Mosaic Stories

    Roberto Garcia

    A few years ago, Roberto Garcia went to the movie theater to see Iron Man 2. Sitting in the chairs in front of him were a boy and his father. When the movie began, the boy began translating the movie, speaking the Spanish in his father’s ear. “It was very endearing” Roberto noted, “but very heartbreaking because someone came in and kicked them out of the theater. “That really moved me, it moved me to try to find a solution to that situation.”

    Roberto first arrived in the United States as an international student twelve years ago, receiving a sports scholarship to run track and field at the University of Notre Dame. After graduation, he moved to Austin, Texas to work for an advertising agency, and specialized in reaching out to the Hispanic market. After working with numerous big-name clients, one of his clients – Anheuser-Busch – hired him to work for them internally, offering him a position on the marketing team at their headquarters in St. Louis. Five years ago, Roberto arrived in St. Louis with his wife. He started at Anheuser-Busch as a brand manager, and then became a brand director for a variety of brands. He worked numerous projects, from smaller ones like bar promotions to more large-scale initiatives like new brand launches and Super Bowl commercials. However, he never forgot his experience back in the movie theater in Texas. He still had the desire to find a solution to the problem, so every time he received a paycheck, he set aside a portion of the money for eventually working to develop a solution to help those who do not speak English have an opportunity to visit and enjoy going to the movie theater. As he saved his money, he researched various alternatives for funding and business plans, and then came up with the idea for Listo.

    Working with the Hispanic market, Roberto was familiar with the figures: nearly 62 million people in the United States speak a language other than English. This means that approximately one out of every five residents of this country speaks a language other than English in their homes. He thought about how there is this huge population of individuals who do not have to opportunity to go to an average movie theater and enjoy – let alone understand – the films. Listo, a smartphone application, named for the Spanish word meaning “ready!” or “let’s go!”, is a viable solution for this problem.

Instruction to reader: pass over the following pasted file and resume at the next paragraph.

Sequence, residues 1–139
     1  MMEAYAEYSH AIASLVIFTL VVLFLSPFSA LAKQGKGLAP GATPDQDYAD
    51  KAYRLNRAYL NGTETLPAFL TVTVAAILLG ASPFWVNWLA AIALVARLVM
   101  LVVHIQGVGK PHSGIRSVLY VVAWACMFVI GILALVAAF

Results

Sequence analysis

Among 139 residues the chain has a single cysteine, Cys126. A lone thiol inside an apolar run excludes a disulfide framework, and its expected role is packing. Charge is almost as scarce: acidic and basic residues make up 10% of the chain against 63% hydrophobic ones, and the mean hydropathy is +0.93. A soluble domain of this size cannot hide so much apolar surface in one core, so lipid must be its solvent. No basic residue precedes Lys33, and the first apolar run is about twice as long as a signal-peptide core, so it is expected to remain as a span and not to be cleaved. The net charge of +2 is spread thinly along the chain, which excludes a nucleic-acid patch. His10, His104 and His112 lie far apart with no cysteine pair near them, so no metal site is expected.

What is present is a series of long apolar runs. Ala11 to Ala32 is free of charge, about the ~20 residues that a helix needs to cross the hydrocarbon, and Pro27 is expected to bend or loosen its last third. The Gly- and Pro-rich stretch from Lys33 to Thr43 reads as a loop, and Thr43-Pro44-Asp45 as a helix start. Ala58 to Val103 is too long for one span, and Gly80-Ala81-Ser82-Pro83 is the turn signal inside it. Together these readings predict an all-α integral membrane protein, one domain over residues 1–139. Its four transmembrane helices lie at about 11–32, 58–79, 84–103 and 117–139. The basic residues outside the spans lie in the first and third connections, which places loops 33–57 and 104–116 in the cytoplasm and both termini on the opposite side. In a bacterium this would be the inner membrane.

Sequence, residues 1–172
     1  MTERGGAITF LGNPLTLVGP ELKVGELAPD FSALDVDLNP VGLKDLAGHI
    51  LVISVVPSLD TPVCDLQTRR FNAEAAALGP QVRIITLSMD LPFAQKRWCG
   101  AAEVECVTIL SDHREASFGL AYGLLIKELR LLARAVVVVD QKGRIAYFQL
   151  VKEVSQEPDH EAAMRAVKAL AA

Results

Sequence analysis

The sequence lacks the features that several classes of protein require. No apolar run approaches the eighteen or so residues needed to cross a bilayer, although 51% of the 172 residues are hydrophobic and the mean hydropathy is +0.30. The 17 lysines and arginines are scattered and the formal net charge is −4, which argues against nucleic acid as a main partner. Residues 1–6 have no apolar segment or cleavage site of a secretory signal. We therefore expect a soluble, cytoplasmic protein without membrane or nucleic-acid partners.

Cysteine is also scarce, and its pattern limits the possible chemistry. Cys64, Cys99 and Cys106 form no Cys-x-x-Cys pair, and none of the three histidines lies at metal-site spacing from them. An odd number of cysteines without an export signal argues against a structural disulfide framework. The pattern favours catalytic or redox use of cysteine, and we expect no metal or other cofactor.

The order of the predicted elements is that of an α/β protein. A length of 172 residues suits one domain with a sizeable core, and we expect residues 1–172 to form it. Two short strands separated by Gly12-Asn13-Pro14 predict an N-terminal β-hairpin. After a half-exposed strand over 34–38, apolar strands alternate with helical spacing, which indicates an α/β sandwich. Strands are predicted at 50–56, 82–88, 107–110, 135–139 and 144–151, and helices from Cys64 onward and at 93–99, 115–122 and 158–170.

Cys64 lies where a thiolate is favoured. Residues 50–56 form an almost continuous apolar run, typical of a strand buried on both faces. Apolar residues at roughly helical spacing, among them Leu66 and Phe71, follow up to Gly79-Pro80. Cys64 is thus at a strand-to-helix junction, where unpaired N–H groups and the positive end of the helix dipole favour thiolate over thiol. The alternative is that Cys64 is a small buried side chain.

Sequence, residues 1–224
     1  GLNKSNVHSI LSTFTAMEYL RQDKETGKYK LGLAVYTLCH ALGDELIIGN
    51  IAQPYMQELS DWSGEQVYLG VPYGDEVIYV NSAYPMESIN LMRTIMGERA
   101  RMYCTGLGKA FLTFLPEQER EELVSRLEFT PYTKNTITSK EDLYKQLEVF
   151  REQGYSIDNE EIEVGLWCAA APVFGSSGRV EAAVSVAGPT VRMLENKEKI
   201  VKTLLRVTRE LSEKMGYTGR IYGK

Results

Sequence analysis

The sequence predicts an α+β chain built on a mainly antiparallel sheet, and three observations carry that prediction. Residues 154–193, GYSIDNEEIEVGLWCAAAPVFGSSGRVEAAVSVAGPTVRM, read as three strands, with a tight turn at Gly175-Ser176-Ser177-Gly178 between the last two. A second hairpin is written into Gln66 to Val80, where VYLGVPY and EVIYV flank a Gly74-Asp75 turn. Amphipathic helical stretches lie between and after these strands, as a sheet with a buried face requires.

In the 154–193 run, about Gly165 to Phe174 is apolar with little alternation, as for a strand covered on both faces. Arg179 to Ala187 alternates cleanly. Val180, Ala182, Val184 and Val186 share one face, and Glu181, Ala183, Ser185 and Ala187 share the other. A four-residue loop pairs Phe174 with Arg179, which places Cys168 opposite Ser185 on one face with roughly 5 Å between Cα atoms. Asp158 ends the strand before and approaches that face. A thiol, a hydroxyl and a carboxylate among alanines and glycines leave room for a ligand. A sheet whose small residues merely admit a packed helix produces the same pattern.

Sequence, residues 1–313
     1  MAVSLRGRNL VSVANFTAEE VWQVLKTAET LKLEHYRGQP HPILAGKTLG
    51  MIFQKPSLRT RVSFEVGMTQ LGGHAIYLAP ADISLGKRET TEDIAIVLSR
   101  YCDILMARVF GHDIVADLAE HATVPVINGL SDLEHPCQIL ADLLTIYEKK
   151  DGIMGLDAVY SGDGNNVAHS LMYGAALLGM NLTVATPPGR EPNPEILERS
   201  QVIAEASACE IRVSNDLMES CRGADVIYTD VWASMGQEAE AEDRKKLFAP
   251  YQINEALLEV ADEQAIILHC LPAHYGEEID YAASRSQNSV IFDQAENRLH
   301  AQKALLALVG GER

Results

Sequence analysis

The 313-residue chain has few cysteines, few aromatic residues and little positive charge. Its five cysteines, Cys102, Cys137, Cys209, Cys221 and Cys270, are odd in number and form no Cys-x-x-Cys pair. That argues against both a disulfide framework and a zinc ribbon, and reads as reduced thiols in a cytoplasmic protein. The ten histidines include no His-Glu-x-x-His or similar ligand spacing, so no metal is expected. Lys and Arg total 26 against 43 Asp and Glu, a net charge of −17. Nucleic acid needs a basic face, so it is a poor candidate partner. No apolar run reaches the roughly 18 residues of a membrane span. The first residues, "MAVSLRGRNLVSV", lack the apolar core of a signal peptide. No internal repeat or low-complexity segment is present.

Listo uses the technology of acoustic fingerprinting, in that it detects and listens to the audio playing and can recognize the sounds to determine exactly where you are through the movie. The app then can begin playing the soundtrack in Spanish (or any other language programmed) from that exact spot. It does not translate the movie on the go, but rather it pulls from a collection of film soundtracks already programmed into the app that have audio in these translated languages, and syncs up to the movie that is playing. The acquisition of film soundtracks within the app will operate similarly to iTunes, in that consumers can download the app, and then purchase the film soundtracks in other languages for a small fee. The consumer can then understand and enjoy a movie in their preferred language.

    Roberto, along with co-founder Nathan Merrick and the Listo team, have been working with studios that already have dubs of films in other languages, many of which had already been prepared for international film releases. Roberto is currently working with these studios to gain access to these pre-existing files, and developing the terms of partnership and usability for making these files accessible to the public via the Listo app. He is also working with studios in Mexican cities that are popular destinations for American tourists, working to add English soundtracks of Spanish films to the Listo library. The app would benefit these studios and tourists alike, as the theaters can then show their movies in Spanish but also give the tourists access to watch the movies in English. “Listo is a huge benefit for all of the parties involved,” he explains. "It’s mutually beneficial.”